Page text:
It’s not usually possible to set up a direct debit from your savings account to cover ongoing expenses or bills, as savings accounts are structured around growing your wealth by earning interest on regular deposits, and discouraging withdrawals.

Some transaction accounts allow you to set up direct debits and also earn interest, though you may not enjoy as much flexibility as a dedicated transaction account, or get as high an interest rate as a dedicated savings account.

How much money should I have in my savings account?

A good rule of thumb when working out a minimum balance for your savings account is to make sure that you’ll earn more in annual interest on your savings than what you’ll be charged in annual fees.

If you’re saving with a specific goal in mind, prepare a budget so the interest you earn on your deposits will help you efficiently reach this goal. Online financial calculators may be helpful here.

Who has the highest interest rates for savings accounts?

As banks frequently change their rates, the most accurate way to know who currently has the highest interest rate is to use a savings account comparison tool.

How does interest work on savings accounts?

The type of interest savings accounts accrues is called compound interest. Compound interest is interest paid on the initial deposit amount, as well as the accumulated interest on money you have. This is different from simple interest where interest is paid at the end of a specified term. Compound interest allows you to earn interest on interest at a higher frequency. 

Example: John deposits $10,000 into a savings account with an interest rate of 5 per cent that he leaves untouched for 10 years. At the end of the first year he will have $10,512 in savings. After ten years, he will have saved $16,470.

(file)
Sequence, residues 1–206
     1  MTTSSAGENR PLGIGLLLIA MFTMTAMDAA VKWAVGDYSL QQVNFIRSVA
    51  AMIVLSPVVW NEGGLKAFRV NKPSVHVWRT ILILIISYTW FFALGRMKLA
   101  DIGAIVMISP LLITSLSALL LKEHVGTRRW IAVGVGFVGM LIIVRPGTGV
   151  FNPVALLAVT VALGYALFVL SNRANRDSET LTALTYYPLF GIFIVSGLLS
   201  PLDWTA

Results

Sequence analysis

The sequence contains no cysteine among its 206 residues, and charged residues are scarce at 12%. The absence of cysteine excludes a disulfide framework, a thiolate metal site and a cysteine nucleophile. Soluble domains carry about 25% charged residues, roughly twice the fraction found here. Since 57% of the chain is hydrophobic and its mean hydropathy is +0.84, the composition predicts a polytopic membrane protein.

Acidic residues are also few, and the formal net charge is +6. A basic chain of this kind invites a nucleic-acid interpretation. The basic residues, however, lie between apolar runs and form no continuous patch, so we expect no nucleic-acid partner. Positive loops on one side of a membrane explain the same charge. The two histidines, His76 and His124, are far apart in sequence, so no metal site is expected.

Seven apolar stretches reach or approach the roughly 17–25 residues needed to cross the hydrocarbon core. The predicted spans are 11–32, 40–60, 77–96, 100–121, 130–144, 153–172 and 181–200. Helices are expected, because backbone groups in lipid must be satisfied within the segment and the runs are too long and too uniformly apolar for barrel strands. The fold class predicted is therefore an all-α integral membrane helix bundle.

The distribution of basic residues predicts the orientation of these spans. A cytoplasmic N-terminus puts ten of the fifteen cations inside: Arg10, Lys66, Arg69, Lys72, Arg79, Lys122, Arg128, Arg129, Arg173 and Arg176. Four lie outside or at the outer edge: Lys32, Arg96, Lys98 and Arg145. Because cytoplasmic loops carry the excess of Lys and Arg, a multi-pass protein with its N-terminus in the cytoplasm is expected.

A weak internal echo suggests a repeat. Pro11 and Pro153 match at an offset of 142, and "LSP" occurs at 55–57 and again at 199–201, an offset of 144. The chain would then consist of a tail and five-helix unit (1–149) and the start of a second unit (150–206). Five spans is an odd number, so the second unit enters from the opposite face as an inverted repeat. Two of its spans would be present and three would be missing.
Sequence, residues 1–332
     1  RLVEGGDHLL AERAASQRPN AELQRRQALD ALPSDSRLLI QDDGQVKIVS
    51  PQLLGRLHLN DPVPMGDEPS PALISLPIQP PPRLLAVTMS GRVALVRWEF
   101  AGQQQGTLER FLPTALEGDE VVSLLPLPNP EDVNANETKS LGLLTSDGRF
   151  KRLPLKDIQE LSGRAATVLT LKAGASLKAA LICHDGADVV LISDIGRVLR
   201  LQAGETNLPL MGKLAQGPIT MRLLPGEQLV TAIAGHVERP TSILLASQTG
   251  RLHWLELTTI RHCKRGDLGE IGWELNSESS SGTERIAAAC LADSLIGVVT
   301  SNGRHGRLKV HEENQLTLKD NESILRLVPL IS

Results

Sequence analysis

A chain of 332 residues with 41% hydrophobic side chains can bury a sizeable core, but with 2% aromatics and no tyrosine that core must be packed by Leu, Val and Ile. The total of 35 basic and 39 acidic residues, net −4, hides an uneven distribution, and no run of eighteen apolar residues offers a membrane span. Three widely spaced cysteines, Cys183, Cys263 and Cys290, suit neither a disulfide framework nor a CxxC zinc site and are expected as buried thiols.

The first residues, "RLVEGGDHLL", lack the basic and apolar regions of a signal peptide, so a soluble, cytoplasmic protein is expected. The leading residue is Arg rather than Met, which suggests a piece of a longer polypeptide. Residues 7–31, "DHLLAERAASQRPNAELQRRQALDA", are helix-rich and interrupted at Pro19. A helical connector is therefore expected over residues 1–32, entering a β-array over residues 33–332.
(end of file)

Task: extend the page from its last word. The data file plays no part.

Can you have a joint savings account?

Yes. Joint savings accounts can be useful for two or more people wanting to combine their savings to meet shared financial goals, including spouses, flatmates and business partners.

Some joint savings accounts require all parties to sign before they can access the money. While less convenient, this extra security can help encourage all parties to meet their shared financial goals.

Other joint savings accounts allow any of the account holders to access the money. These accounts can be convenient for financially responsible couples that trust one another implicitly. 

How to open a savings account for my child?

Some banks and financial institutions allow parents to open a bank account for their child as soon as it is born, and start depositing funds to go towards the child’s future.

Children’s savings accounts generally don’t have fees, and are structured to help develop positive financial habits by limiting withdrawals, encouraging regular deposits, and earning interest on the savings, similarly to standard savings accounts.

What is a savings account?

A savings account is a type of bank account in which you earn interest on the money you deposit. This makes it one of the easiest and safest investment tools.

How do I open a savings account?

Opening a savings account is a relatively simple process. If you’ve found an account with a suitable interest rate, you’ll just need to get in contact with your chosen lender via a branch, phone call or hop online to begin the process. 

You may be required to provide:

  • Personal details, including identification (driver’s license, passport etc.)
  • Tax file number
  • Employment details

Can I overdraft my savings account?

A lot of savings accounts won’t let you overdraw. Some will allow this feature but you’ll need to apply first. It’s best to read the fine print and check with your lender whether this is a feature they offer. It can be a helpful addition, but as your lender can charge you a fee as well as interest for going into negative numbers, it’s best to avoid overdrafting when possible.

What is a good interest rate for a savings account?

A good rule of thumb to keep in mind with savings accounts is to look for a rate that is higher than the CPI inflation rate. This number is constantly changing, so check the Reserve Bank of Australia’s page. If you aren’t earning interest above this then the value of your money will go backwards over time.

Can you direct deposit to a savings account?

Yes. You can make one off payments or set up regular direct deposits into a savings account. This can be organised easily through online banking or by making deposits in a branch. Talk to your lender to find out the easiest way for you to set up direct deposits.